Yesterday volunteer security researchers detected a significant security flaw in Monero wallet that could have prompted its users to download a malicious version, thereby putting their funds at risk.
On 19th November 2019, an XMR Core Team member /u/binaryFate published a Monero security warning on the subreddit that stated a potential hack on CLI binaries over the last twenty-four hours. According to the post, some Monero wallet users noted that the hash of the downloaded binaries was different than the results expected otherwise. Although the issue has been brought out in the open, it is yet to be resolved.
A major security flaw in Monero
Thus, the team has urged anyone who has downloaded the binaries in the last twenty-four hours and not verified the authenticity of the files, to immediately check if the hashes match. If they fail to match, the users are requested not to run the downloaded file. And those who have gone ahead and run the file, transfer all the funds out of the wallet, thus preventing them from getting stolen.
Meanwhile, the moderators have requested users’ cooperation until the security team is able to get to the bottom of this issue and resolve it. Meanwhile, if anyone wishes to use the secure version of the Monero wallet, the link to the corrected hashes has been shared by the Monero team.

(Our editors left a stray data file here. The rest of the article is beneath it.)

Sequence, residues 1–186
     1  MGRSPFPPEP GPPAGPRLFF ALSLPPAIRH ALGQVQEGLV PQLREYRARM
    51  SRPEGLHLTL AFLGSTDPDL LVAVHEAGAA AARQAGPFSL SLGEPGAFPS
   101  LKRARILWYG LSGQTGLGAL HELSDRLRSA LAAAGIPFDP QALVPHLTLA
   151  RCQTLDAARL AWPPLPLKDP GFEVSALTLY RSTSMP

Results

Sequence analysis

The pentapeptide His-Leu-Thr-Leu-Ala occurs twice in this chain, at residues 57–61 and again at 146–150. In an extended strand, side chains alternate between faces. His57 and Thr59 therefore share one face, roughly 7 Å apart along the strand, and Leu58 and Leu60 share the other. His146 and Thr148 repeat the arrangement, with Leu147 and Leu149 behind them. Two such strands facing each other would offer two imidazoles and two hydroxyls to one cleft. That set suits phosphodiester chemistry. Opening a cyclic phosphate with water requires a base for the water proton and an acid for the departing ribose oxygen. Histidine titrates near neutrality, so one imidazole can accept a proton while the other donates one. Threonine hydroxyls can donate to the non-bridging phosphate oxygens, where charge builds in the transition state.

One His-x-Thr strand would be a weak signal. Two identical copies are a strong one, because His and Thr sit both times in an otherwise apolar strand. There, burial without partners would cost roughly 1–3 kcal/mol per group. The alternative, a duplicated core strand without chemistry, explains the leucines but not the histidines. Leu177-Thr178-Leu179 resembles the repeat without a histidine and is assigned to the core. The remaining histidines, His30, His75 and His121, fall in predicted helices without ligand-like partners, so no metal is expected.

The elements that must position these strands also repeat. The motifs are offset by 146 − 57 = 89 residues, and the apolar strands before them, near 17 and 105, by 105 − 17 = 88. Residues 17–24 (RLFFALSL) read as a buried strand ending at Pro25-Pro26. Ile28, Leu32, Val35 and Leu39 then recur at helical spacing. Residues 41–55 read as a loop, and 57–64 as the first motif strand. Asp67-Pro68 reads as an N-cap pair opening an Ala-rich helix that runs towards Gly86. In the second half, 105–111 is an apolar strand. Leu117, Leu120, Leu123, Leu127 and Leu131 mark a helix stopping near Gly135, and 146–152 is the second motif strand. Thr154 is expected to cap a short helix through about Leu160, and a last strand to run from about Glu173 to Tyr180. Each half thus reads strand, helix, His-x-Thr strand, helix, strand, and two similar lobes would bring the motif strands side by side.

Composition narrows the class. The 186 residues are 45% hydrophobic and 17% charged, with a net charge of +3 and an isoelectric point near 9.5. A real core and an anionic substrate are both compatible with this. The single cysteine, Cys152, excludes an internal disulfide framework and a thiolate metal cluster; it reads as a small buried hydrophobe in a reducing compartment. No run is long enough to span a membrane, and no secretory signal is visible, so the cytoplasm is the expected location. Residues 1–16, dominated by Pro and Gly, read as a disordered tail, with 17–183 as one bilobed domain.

Justin Ehrenhofer, Organizer of Monero Malware Response Workgroup, explains although hackers have frequently targeted the Monero website for malicious activities, this was, in fact, the first time that it got compromised. He further added that the researchers detected a code that transfers the Monero mnemonic seed, with the information on private keys, to the hackers’ server, thus jeopardizing the victims’ funds stored in the wallet.
A further investigation on activities related to remote-access suggests that attackers may have the ability to perform other unauthorized actions on users’ behalf, Ehrenhofer added.
A disaster that could have been avoided
Meanwhile, a pseudonymous cybersecurity researcher and the owner of a security website commented that had Monero come clean about the security breach well in advance, many users would have been saved from the trouble of verifying their downloaded files. Instead, according to him, Monero chose to post the warnings as late as fourteen hours after the breach, only on platforms such as Twitter and Reddit, thus exposing many of its users to risk.
If only Monero’s official website had warned its users of the potential risk immediately after the flaw was noticed, a lot of damage could have been averted, claims the cybersecurity expert.
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